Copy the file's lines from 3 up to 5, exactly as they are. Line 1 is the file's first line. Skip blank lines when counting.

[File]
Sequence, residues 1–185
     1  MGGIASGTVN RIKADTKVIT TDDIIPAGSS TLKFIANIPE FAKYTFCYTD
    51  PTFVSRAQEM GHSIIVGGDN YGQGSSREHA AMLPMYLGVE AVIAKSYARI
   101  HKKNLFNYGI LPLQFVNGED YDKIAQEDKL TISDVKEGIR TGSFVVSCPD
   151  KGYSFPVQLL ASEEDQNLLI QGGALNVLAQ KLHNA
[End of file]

    51  PTFVSRAQEM GHSIIVGGDN YGQGSSREHA AMLPMYLGVE AVIAKSYARI
   101  HKKNLFNYGI LPLQFVNGED YDKIAQEDKL TISDVKEGIR TGSFVVSCPD
   151  KGYSFPVQLL ASEEDQNLLI QGGALNVLAQ KLHNA